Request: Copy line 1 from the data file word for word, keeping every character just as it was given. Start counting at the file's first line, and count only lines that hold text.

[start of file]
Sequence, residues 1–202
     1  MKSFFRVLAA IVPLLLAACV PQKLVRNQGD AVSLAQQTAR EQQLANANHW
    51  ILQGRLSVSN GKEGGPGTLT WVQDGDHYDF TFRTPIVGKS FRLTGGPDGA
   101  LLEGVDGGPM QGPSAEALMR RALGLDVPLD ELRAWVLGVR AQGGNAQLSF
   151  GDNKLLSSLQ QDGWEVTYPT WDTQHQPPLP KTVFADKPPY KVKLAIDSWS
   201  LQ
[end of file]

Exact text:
Sequence, residues 1–202